As Singapore tackles the challenge of providing water for its growing population, focus has turned to a new generation of young entrepreneurs for solutions.
The tiny Southeast Asian island lacks sufficient natural sources to supply its 5.3 million residents with water. Collecting rainwater through local catchments, recycling treated water, desalination and importing water from neighboring Malaysia are the country's four principal supply sources.
In December, the World Resources Institute ranked Singapore among the world's most water-scarce countries citing its baseline water stress – the ratio of annual water withdrawals to total available annual renewable supply.
With the government aiming to increase its population to 6.9 million over the next six years, more entrepreneurs are spearheading advanced water technology developments to meet growing demand.
"We want to make sure that water is not a constraint going forward," said Chew Men Leong, chief executive of national water agency the Public Utilities Board, which manages the country's water supply. He noted that the agency is always looking at building infrastructure to stay ahead of water demand.
At this year's Singapore International Water Week aspiring water innovators were given a chance to pitch their ideas to companies, venture capitalists and potential clients under the event's talent development 'HyrdoPreneur Program.'
Melvin Tang, a 28-year old PH.D student at the National University of Singapore, joined the program with an idea for a low-cost filtration device. Participants like Melvin underwent a nine-week program with the assistance of mentors to help mold their ideas.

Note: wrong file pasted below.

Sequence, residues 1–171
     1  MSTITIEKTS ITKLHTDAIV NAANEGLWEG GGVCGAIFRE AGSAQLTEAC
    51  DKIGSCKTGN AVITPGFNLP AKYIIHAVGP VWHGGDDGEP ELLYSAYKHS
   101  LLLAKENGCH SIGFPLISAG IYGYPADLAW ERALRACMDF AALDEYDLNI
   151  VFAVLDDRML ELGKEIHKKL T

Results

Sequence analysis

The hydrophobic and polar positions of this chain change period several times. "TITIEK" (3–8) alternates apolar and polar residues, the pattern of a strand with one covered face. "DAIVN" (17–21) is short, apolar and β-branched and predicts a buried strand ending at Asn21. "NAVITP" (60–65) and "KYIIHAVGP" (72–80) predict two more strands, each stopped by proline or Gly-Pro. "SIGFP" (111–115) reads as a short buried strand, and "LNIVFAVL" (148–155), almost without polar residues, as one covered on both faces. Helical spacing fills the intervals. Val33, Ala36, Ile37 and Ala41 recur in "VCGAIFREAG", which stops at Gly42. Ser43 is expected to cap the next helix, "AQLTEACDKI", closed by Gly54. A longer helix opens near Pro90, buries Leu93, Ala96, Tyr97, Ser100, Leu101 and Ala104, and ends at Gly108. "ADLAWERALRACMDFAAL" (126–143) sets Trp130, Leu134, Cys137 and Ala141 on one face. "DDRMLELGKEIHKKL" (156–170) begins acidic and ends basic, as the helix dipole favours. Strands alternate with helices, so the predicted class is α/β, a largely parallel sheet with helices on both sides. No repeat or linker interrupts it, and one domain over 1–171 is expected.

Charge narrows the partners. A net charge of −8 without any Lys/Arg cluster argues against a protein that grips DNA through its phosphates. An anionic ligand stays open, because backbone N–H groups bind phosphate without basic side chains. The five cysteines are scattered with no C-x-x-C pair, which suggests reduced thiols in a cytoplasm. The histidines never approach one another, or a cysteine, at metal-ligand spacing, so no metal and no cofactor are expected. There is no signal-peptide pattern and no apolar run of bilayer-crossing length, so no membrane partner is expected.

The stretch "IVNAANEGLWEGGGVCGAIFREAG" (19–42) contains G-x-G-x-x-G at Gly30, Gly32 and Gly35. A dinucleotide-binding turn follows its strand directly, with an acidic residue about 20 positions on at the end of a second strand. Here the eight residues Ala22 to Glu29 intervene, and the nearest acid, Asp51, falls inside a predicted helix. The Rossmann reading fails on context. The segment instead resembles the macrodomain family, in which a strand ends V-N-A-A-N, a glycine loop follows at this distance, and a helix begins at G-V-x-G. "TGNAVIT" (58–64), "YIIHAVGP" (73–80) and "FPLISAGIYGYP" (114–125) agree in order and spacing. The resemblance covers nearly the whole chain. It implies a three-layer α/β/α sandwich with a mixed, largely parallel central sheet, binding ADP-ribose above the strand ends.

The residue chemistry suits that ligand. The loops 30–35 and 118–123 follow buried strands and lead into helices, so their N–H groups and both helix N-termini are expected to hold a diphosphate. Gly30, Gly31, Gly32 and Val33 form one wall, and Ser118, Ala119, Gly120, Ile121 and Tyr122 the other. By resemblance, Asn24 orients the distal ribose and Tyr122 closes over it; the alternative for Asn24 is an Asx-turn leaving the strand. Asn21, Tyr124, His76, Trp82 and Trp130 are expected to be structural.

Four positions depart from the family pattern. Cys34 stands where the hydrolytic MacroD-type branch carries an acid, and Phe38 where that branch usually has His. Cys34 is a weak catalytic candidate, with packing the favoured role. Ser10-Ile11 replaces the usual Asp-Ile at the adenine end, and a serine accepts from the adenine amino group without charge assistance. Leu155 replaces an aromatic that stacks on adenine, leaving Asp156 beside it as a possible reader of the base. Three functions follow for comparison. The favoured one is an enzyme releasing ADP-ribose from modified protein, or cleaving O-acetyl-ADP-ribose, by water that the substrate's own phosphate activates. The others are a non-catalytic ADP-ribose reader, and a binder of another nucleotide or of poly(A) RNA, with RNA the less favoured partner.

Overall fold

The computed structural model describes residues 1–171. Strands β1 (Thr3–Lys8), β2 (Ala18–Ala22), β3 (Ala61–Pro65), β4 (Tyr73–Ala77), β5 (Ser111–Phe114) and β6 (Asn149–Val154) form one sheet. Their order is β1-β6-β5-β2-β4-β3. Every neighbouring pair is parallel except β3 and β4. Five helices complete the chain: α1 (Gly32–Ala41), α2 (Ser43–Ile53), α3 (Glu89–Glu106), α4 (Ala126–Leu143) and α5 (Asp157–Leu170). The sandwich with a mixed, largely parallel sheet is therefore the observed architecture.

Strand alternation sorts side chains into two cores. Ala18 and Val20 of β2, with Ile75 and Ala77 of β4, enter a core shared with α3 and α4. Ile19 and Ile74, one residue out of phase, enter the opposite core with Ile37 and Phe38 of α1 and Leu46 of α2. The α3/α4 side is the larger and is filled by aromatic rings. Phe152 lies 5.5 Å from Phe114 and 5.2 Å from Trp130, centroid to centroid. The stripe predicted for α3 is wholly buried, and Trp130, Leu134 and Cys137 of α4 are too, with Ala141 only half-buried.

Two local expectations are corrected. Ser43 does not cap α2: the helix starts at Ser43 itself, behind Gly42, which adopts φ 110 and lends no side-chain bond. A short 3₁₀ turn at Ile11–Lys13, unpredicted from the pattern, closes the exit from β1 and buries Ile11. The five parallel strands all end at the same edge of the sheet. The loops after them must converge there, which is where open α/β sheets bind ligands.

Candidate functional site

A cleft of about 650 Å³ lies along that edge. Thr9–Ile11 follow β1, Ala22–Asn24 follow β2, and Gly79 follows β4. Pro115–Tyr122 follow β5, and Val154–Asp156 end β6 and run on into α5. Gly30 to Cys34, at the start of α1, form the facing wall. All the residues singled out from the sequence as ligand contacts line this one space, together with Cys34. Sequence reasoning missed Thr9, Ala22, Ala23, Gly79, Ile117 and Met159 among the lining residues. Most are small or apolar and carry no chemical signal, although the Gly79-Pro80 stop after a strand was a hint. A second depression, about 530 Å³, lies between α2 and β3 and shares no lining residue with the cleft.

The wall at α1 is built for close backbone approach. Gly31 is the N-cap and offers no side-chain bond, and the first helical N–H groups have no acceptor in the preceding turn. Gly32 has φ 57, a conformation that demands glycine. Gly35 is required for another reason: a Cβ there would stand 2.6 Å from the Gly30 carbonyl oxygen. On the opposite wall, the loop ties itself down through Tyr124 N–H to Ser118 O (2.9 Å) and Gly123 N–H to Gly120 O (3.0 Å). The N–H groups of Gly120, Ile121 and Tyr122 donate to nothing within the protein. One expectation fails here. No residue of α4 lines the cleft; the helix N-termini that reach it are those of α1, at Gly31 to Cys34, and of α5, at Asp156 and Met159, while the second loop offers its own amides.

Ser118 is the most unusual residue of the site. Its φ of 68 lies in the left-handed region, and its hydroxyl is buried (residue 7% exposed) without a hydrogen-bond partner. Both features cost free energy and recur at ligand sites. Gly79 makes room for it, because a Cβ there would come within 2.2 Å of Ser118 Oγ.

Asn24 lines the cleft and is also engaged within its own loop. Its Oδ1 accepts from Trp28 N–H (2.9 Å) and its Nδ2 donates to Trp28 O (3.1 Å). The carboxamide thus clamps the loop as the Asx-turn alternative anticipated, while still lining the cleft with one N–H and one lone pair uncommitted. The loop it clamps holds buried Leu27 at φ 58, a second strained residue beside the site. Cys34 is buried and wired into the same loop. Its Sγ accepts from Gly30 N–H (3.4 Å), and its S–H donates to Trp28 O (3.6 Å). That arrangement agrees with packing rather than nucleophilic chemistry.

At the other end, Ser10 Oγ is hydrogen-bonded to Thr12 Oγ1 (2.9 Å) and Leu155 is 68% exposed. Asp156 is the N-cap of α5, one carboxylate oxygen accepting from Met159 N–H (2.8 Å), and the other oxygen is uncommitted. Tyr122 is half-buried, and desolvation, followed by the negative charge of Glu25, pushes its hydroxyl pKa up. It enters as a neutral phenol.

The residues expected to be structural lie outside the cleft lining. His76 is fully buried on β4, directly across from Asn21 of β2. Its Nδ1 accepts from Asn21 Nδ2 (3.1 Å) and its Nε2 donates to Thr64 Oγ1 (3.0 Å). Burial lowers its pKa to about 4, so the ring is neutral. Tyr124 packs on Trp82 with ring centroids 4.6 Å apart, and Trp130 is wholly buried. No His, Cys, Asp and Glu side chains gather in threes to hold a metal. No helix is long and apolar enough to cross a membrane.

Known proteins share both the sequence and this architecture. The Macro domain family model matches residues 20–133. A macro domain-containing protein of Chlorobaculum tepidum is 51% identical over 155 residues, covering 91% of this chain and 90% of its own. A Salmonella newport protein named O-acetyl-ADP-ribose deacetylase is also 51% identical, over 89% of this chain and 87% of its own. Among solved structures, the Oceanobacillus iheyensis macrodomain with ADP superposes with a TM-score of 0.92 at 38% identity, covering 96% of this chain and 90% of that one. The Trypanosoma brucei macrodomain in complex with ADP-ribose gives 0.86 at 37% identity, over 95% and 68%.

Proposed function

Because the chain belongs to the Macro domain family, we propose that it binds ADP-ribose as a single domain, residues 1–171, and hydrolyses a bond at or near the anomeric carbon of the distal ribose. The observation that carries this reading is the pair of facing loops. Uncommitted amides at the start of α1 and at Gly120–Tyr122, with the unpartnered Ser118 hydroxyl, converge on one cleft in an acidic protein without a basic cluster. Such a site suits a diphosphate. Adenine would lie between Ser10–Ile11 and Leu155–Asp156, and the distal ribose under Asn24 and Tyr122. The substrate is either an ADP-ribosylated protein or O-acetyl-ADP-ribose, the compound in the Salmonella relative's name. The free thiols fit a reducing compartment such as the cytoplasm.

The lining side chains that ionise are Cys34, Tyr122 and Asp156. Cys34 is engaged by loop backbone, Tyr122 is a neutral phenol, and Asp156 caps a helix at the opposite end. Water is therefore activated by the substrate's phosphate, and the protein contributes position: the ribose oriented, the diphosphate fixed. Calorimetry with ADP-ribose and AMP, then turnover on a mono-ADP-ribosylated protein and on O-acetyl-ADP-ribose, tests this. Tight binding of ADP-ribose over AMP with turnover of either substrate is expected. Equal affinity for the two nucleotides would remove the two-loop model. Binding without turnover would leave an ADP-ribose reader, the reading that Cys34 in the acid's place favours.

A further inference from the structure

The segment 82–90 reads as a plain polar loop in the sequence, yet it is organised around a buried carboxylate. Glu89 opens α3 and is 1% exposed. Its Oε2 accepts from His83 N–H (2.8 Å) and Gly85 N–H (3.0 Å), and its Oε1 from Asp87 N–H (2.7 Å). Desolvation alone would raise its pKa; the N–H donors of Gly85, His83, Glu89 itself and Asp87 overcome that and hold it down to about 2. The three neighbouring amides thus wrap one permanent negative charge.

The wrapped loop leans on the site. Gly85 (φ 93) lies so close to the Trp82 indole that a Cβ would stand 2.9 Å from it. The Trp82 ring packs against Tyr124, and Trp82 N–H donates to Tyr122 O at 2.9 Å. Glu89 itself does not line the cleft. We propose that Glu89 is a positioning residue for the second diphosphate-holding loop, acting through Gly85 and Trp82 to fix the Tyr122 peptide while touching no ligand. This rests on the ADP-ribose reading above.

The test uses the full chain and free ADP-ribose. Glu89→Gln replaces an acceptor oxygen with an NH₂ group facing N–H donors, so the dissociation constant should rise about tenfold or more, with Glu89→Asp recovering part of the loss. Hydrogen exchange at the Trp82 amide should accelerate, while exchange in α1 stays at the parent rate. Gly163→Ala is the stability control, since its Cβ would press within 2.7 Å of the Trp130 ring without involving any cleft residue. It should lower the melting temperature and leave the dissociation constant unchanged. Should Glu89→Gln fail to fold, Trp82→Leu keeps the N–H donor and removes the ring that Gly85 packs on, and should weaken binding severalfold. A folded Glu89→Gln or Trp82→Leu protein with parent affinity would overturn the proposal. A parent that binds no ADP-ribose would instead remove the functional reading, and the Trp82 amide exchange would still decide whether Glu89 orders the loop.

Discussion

Nigel Wylie, founder and director of Thrive Water, a Singapore-based water treatment solutions provider, was one of the participating mentors. His advice to beginners was to seek partnerships with bigger companies instead of trying to go at it alone since companies will be able to better package ideas and create a bigger impact.
Companies promoting game-changing technologies were also on display.
Among them was Medad Technologies, a Singaporean company that utilizes a hybrid mix of adsorption desalination (AD) and multi-effect desalination (MED) technologies to turn reject water from undesirable sources or saltwater into a pure drinking source.
Speaking at a media event, Medad CEO and Founder Joseph Ng said he hopes to commercialize the low-cost green technology within Asia, Gulf Cooperation Council (GCC) countries as well as the United States.
A key message driven home to these entrepreneurs was the importance of effective water management to a city's sustainability, especially water-scarce cities like Singapore.
"It's quite obvious that the next generation of urban planners cannot look at water solutions as a separate issue; they need to look at it at the start of the urban development process, not as an afterthought," said Maurice Neo, managing director of Singapore International Water Week.